Being at IBM and in hardware I missed out on the beginning end of the dot-com bubble but being in technology. I saw it come and some of the classmates at NYU were victims of the fallout. One such classmate suggested I join a hardware startup in Westchester called Melard Technologies. I was enticed to join Melard even though I had loved IBM. My thinking back then was I wanted to make the biggest impact in an organization and a Startup made sense.
In my years with Melard I was the lead sales engineer with clients such as Verizon, Brinks, cable companies and even the US Military. I was the engineer that travelled 5-days a week seeing clients and coming up with solutions. It was glorious.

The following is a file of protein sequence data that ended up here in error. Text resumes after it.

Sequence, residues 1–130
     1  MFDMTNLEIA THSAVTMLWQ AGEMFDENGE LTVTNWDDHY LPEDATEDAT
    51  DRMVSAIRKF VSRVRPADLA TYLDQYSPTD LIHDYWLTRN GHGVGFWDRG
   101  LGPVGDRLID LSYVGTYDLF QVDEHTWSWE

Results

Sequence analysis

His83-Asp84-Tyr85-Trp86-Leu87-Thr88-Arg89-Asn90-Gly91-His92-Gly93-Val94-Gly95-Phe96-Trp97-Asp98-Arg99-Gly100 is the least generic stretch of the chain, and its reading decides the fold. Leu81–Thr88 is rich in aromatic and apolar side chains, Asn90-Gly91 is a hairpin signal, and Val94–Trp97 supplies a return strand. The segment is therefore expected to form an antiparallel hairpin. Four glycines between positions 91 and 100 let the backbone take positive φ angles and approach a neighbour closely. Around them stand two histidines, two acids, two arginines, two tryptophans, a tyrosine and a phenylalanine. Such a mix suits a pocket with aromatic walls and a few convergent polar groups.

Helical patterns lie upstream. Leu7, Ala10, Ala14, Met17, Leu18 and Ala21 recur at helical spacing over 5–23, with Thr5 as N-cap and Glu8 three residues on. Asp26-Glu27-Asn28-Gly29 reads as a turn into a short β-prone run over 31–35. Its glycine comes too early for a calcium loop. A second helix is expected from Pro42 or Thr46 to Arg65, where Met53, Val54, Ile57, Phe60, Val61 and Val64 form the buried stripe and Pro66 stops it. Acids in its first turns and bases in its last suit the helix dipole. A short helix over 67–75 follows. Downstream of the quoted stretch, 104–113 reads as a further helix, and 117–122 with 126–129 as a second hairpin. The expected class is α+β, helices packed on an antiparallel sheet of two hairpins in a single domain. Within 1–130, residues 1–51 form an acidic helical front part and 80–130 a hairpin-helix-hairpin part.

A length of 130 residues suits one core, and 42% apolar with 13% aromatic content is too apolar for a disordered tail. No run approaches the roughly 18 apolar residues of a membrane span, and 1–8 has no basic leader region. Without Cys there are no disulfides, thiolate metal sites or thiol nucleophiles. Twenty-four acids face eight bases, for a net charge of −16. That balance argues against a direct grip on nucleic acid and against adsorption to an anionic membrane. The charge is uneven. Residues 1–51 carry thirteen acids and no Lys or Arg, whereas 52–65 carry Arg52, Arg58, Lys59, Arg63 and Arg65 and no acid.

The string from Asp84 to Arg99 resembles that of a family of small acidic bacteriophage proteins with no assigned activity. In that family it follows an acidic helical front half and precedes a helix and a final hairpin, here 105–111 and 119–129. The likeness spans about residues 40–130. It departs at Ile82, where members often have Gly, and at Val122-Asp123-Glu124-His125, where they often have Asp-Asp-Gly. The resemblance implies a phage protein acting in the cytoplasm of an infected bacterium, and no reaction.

I had a small apartment in Westchester but lived in hotels and motels most of the week. My clients ranged from CTOs, project managers, local technicians and academics. Melard had created a rugged laptop called the Sidearm which was running an early version of Windows CE. It was precursor to the the iPad or Microsoft Surface but much more rugged. They were being deployed in Iraq (Gulf War 2) and yours I worked on retrofitting the devices with it’s blazingly fast CDPD wireless connectivity. It was “State of the Art” during Y2k.
Sadly, being a hardware startup is challenging. The firm struggled with capital costs. I decided in 2005 to start a small boutique consulting firm. We specialized in software side of mobile hardware. With my experience in hardware, wireless and mobile devices we were able to win contracts with various companies who had outside plant engineers.